The X-Men have a bit of a reputation for being, well–complicated is probably putting it lightly. Divisive may be a better buzz word. There’s a tendency in fan circles for people to fall into one of two categories: The kind whose eyes light up at the mere mention of a mutant and the kind who instantaneously go gaunt and fearful the moment they realize they’re about to have to engage in an X-Men related conversation. This reputation is certainly well earned–X-Men live-action films pre-date the MCU, their cartoon series is second only to Batman: The Animated Series in terms of Saturday morning nostalgia bombs, and the team’s most famous members are more readily recognized and understood by the general population than most of the Avengers.
It’s just that their comics are also notoriously insurmountable, their stories are the absolute epitome of everything that makes superhero comics seem absurd, and their continuity seems to be in an almost permanent state of flux. Trying to figure out just how and where to engage with X-Men stories can feel like the worst kind of homework, where well-meaning fans will spout off list upon list of classic stories that are required reading, and then follow them up with list upon list of caveats to explain which parts need to be remembered, which parts should be cherry-picked and forgotten, when the dead characters come back, where the time travel kicks in, how Cyclops is the worst, how Cyclops is the best, how Jean Grey’s powers are changed and then changed again–and so on, and so on.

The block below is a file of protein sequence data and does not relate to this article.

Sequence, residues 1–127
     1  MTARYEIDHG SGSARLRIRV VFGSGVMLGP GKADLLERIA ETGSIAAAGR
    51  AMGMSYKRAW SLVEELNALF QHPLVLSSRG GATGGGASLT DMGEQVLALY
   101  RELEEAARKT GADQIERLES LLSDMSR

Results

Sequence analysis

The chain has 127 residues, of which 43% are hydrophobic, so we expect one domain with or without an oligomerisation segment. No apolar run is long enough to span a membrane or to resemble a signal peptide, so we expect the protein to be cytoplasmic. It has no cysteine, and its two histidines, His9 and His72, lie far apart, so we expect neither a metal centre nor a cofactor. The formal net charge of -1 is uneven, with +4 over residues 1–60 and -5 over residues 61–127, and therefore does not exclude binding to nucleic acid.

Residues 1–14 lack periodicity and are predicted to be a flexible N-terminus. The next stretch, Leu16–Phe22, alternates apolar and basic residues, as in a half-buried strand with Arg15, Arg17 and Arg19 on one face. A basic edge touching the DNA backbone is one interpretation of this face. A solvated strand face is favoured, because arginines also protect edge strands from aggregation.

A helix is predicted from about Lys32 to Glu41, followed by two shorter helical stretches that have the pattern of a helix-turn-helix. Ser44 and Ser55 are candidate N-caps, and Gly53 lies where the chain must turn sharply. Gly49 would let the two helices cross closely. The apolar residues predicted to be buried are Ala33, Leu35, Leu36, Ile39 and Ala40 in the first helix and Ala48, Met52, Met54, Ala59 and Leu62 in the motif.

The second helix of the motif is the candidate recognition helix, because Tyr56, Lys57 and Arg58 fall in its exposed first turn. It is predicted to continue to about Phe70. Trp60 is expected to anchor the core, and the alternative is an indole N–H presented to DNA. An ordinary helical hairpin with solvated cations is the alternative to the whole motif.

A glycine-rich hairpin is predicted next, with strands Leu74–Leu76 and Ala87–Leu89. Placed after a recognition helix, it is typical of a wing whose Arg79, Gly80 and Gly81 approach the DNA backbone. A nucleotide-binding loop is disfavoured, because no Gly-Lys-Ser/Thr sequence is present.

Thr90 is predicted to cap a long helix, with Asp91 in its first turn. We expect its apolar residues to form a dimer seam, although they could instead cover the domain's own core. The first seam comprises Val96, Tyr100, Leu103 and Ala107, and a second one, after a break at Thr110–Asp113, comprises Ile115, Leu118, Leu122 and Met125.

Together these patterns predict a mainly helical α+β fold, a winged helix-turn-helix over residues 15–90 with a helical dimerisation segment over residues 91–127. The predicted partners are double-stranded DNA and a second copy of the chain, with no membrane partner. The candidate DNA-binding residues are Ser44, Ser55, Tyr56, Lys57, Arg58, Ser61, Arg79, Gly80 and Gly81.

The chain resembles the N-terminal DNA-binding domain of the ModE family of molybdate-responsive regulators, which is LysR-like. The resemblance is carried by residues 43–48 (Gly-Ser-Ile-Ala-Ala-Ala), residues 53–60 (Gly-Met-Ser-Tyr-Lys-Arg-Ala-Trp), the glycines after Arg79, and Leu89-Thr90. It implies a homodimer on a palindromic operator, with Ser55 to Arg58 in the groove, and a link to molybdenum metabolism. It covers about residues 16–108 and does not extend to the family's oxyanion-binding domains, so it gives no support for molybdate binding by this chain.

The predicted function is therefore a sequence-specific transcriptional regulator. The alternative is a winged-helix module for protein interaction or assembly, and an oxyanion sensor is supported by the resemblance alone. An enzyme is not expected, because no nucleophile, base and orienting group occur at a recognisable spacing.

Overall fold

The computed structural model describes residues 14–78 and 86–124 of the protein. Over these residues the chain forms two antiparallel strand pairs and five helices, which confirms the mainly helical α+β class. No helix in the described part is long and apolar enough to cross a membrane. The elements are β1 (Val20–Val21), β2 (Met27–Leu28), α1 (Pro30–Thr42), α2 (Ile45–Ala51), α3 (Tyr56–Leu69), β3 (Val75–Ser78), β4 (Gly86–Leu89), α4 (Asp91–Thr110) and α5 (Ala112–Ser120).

The past several years of Marvel comics publication haven’t really helped the problem. The X-Men status quo has been up in the air, split between multiple color-coded team books with key players like Charles Xavier tabled, time-travel plots bringing duplicate past versions of characters like Jean Grey and Bobby Drake to the present, and mutantkind itself being all but wiped out because of an Inhuman disaster that may or may not have been thanks to some behind-the-scenes movie rights conflicts between Fox and Disney. Thankfully those days are behind us.
It wasn’t that the stories themselves were bad, per se, but trying to find somewhere to start that didn’t leave you feeling like you’d missed a few seasons was all but impossible–especially if you were someone who really just wanted to read a story about your favorite big-screen X-Men without needing to graduate from a college-level course in X-Men history to understand it.
But thankfully, there is a light at the end of that particular tunnel, and it’s coming from an unexpected quarter. Legendary writer Jonathan Hickman, whose work on Avengers provided a ton of the groundwork that went on to inform movies like Avengers: Infinity War, has teamed up with artist Pepe Larraz for an X-Men reboot like no other–one that is intended to completely overhaul the way X-Men stories work for the foreseeable future, and provide the perfect gateway for anyone and everyone to finally start reading X-Men comics.